Indeed, throughout this debate, the advocates of the filibuster have succeeded in portraying it as a great deliberative tool that has been used for good such as stopping a misguided majority. My guess is it has been used for good and bad, but I've yet to see its defenders present any careful and comprehensive analysis of its use over history. Therefore, we need not accept Will's contention on face value. I do recall the filibuster was used, albeit unsuccessfully, by segregationists like Senator Robert Byrd to try to stop the passage of civil-rights legislation.
How would you react were such a majority about to change Senate rules to prevent you from filibustering to block a nominee likely to construe the equal protection clause as creating a constitutional right to same-sex marriage?
This question assumes too much. First, I can't imagine any nominee, including the most activist candidate, testifying that he supports a constitutional right to same-sex marriage. We've witnessed enough such hearings to know that nominees won't say such things for a variety of reasons. Second, I can't imagine any president nominating a candidate who had a record of supporting same-sex marriage. Third, it can just as easily be argued that the Democrat filibuster is preventing candidates who oppose same-sex marriage from ascending to the federal bench. The argument against filibustering judicial candidates, from the perspective of those of us who believe it's unconstitutional, has nothing to do with any particular or potential judicial ruling and outcome.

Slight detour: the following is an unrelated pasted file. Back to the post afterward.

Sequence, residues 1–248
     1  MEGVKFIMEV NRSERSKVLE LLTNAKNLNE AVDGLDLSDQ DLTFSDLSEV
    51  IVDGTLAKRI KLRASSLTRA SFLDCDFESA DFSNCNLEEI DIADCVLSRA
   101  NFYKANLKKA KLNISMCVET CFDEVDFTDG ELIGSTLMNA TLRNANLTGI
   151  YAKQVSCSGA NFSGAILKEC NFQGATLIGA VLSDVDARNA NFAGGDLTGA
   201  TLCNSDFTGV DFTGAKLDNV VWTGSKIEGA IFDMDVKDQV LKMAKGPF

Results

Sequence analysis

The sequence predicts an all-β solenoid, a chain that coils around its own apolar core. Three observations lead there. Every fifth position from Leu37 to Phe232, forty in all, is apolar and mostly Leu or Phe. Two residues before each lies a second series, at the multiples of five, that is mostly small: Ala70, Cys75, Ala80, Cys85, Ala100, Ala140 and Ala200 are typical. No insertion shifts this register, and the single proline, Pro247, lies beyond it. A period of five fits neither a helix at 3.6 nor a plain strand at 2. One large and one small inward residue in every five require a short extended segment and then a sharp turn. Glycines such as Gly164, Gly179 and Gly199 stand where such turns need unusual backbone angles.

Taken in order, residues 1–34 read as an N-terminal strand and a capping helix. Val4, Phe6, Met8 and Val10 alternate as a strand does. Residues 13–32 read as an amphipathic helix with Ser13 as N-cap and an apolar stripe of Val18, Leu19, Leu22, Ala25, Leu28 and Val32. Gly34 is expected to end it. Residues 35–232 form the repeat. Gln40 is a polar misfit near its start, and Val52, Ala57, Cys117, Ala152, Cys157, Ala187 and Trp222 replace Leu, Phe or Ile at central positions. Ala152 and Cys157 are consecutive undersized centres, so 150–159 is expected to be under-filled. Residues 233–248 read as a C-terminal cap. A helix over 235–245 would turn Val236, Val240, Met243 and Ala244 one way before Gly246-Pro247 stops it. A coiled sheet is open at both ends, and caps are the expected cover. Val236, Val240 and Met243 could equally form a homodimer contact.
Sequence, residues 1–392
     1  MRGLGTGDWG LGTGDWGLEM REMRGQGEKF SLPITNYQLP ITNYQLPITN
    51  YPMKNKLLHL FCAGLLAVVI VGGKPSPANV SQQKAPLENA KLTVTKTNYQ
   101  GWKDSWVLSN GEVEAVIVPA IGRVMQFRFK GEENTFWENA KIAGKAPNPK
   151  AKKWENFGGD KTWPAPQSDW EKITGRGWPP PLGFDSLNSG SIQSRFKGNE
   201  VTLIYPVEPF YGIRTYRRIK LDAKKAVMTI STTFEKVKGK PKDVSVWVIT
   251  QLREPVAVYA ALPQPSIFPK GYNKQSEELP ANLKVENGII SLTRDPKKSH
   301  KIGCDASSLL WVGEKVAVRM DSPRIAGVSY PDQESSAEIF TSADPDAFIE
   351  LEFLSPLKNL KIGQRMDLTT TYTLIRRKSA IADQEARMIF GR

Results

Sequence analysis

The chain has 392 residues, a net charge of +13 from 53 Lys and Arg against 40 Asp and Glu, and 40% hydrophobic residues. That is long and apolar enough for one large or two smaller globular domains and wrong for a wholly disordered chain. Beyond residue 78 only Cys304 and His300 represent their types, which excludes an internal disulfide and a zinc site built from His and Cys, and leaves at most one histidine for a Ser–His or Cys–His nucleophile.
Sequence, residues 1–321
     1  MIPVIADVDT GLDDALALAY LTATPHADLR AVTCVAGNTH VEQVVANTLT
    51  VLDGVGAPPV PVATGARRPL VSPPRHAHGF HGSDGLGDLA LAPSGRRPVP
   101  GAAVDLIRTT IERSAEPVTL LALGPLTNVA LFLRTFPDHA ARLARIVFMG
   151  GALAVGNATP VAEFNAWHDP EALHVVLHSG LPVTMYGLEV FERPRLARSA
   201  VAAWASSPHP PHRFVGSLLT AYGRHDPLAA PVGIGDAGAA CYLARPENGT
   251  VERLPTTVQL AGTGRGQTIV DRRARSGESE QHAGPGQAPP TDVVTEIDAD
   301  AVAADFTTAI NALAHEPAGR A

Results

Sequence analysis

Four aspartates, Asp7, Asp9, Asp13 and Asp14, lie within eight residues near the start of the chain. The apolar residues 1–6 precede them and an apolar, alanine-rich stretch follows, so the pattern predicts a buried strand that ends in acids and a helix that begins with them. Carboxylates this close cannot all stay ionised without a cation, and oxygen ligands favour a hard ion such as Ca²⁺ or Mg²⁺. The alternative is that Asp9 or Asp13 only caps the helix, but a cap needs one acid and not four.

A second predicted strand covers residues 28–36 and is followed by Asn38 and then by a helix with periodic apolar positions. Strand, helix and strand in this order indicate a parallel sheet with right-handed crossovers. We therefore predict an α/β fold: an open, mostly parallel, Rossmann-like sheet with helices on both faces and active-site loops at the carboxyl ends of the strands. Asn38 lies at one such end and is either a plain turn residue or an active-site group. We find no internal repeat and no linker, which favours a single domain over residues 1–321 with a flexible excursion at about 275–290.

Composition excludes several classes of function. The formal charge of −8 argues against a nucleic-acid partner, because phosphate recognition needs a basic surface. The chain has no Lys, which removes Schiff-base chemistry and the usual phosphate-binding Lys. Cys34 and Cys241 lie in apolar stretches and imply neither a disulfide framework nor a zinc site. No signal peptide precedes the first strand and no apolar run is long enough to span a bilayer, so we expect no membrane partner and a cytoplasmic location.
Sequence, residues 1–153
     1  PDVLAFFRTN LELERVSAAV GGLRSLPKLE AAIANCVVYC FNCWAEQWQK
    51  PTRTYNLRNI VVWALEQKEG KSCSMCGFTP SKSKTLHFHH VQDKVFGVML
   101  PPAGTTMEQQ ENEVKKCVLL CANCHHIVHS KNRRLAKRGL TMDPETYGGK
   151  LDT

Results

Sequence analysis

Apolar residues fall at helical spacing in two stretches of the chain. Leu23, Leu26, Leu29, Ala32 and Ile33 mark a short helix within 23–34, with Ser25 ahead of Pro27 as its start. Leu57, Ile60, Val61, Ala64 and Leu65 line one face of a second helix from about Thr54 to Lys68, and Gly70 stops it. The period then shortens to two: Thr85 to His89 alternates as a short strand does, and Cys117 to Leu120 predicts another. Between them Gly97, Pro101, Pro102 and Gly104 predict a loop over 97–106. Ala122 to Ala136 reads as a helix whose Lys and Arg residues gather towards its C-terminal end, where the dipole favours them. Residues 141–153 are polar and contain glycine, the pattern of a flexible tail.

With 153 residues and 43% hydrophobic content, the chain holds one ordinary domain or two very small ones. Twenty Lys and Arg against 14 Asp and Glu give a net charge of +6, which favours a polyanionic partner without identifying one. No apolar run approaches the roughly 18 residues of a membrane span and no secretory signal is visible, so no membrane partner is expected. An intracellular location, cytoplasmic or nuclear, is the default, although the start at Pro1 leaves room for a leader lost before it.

And pruning the filibuster in the name of majority rule would sharpen the shears that one day will be used to prune it further. If filibusters of judicial nominations are impermissible, why not those of all nominations and of treaties, too? Have conservatives forgotten how intensely they once opposed some treaties pertaining to arms control and to the Panama Canal
The Panama Canal Treaty is a perplexing example as it proves the opposite of Will's point. It was ratified by a two-thirds vote of the Senate, as the Constitution requires. And since a two-thirds vote would have been enough to defeat a filibuster, what's the point here?
Of course Senate Democrats, regaining the majority, might end the rule even as used against legislation. They might do any of 100 things. But I await the evidence from the filibusters' proponents that even eliminating the rule entirely would result in unwelcome consequences. I note that the House of Representatives operates without a filibuster rule.
Exempting judicial nominations from filibusters would enlarge presidential power. There has been much enlargement related to national security presidential war-making power is now unfettered, Congress's responsibility to declare war having become a nullity. Are conservatives, who once had a healthy wariness of presidential power, sure they want to further expand that power in domestic affairs?